March 16, 2010, 7:00 PM
An Ancient Stringed Instrument Reborn: The Angular Harp
Music Performance & Discussion
Participants: Stephanie Chase, Bo Lawegren, Tomoko Sugawara
The angular harp first appeared in Mesopotamia in 2000 BCE, soon journeyed to the Near East, and eventually reached Egypt, Greece, China and Japan. The Eastern infatuation lasted only until 1100. Meanwhile, harps remained popular in Iran and then spread to the Islamic world. Harpist Tomoko Sugawara and Bo Lawergren, a physicist and researcher of ancient musical instruments, present a slide-lecture on the history of the instrument, along with performances of selections from its ancient and modern repertoire. The oldest repertoire comes from the eras and places where the instrument flourished, including the Chinese Tang Dynasty, medieval Persia and Spain. In recent times, composers from the US, Japan, and Iran have written notable music for the angular harp.
Stephanie Chase is a violinist who has performed as soloist with many of the world's leading orchestras, including the New York Philharmonic, Chicago Symphony Orchestra, London Symphony Orchestra, and Hong Kong Philharmonic. She is also Artistic Director and co-founder of the Music of the Spheres Society, which is dedicated to exploring the links between music, philosophy, and the sciences. She teaches violin at New York University's Steinhardt School. In her spare time, she writes music arrangements and studies Stradivari violins. In late May 2008 she performed one of her signature works, Tchaikovsky's Violin Concerto, in Stern Auditorium at Carnegie Hall.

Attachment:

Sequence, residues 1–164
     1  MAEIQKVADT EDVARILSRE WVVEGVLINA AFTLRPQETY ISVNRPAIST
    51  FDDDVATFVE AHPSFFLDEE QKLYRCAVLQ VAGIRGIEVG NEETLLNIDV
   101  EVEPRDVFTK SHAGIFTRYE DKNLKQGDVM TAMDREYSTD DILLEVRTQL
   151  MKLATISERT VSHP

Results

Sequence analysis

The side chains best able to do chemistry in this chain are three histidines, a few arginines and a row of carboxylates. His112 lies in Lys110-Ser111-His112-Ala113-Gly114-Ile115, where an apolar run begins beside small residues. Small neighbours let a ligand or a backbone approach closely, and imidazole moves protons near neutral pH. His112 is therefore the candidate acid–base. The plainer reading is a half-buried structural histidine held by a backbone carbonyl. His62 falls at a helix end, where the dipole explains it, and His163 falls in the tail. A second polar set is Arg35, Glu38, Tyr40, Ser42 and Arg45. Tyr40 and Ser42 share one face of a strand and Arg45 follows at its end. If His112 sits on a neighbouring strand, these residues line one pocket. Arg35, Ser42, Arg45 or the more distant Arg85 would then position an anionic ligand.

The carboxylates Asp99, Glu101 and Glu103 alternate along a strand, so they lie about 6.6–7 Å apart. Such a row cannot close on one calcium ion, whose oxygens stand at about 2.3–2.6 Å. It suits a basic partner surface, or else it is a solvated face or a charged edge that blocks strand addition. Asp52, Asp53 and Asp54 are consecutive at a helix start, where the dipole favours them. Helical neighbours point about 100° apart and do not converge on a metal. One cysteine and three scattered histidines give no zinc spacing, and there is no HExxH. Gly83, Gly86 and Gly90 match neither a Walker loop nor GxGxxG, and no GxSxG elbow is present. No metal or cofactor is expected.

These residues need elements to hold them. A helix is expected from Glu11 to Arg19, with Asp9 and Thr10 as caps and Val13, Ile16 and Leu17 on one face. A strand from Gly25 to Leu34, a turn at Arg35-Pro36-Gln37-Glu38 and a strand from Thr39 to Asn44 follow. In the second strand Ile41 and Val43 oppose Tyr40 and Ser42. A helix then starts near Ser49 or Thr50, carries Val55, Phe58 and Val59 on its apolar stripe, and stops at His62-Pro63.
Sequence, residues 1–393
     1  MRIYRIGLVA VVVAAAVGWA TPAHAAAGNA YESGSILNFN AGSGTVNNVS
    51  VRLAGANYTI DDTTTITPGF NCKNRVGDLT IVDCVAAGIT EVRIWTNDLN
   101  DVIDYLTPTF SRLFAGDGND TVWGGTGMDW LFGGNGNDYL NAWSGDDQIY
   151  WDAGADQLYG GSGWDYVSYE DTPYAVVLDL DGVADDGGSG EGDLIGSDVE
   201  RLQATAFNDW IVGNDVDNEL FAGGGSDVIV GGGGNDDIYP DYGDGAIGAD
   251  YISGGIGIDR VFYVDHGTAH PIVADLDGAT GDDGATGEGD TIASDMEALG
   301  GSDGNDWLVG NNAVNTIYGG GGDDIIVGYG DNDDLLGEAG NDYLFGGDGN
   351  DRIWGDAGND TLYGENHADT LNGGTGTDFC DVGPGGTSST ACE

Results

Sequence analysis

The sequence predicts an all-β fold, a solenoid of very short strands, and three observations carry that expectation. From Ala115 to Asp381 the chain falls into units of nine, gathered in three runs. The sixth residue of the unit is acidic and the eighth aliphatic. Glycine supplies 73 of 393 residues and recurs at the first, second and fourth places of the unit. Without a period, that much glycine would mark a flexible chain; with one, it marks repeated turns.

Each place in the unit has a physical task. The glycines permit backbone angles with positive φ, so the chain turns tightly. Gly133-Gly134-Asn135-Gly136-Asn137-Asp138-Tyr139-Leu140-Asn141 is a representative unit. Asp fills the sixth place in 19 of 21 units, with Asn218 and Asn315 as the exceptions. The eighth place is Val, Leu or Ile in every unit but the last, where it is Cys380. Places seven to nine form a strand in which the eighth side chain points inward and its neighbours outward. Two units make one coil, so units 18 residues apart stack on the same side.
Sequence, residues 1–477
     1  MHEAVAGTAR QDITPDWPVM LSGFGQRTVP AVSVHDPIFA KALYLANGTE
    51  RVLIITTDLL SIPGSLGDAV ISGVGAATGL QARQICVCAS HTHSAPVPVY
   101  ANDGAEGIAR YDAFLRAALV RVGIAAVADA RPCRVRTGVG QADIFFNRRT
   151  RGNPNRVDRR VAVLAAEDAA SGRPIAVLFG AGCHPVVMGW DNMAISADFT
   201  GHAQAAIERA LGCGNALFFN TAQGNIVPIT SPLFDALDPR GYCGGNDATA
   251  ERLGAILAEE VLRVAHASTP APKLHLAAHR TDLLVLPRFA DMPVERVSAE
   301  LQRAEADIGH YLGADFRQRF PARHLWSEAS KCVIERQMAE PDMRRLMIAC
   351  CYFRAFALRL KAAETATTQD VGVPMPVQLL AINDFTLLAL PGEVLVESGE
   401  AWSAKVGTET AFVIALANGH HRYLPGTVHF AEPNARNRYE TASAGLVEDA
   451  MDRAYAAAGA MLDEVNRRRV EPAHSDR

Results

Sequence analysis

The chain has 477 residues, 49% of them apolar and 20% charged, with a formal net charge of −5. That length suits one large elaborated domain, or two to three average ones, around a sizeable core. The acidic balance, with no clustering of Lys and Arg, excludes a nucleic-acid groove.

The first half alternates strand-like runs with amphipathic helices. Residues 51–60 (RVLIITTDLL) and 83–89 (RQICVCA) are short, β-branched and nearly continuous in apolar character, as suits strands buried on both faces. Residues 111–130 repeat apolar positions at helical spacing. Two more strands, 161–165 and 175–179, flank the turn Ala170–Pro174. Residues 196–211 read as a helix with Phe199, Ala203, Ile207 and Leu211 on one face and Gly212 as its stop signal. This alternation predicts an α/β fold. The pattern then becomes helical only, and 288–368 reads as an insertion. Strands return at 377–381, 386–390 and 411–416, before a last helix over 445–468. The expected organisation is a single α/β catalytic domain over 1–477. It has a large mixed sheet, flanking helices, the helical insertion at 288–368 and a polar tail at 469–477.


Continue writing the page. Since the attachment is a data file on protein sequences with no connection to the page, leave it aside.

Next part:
Bo Lawergren is a Professor Emeritus of Physics at Hunter College, The City University of New York. He is also a cellist, musicologist, and composer whose works have been performed at numerous American universities. In addition Lawergren is a researcher in musical acoustics and musical archaeology. His numerous publications include entries on ancient music for the latest editions of The New Grove Dictionary of Music and Musicians, Die Musik in Geschichte und Gegenwart,The Oxford Encyclopedia of Ancient Egypt, and Encyclopedia Iranica.
Tomoko Sugawara was born in Japan, where she studied Irish and Concert harp. She has performed widely on the latter instrument and recorded a best-selling CD, Spring. In 1991 she took up the Kugo, the Japanese version of the very ancient Angular Harp, which flourished from 1900 B.C. to 1700 A.D. She is now the leading kugo player and is about to release the first CD with it as a solo instrument, Along the Silk Road. She has also researched its history and ancient performing technique, and established a repertoire for the instrument.
This program is supported, in part, by public funds from the New York City Department of Cultural Affairs, in partnership with the City Council.
This forum allows for an ongoing discussion of the above
Philoctetes event. You may use this space to share your thoughts or
to pose questions for panelists. An attempt will be made to address
questions during the live event or as part of a continued online
Post a Comment
(URLs will display as links.)
If you are a Philoctetes subscriber, please log in below to post to our event discussions. Or sign up now
for a free subscription so you can post to our discussions and optionally receive our email announcements and our bi-monthly newsletter.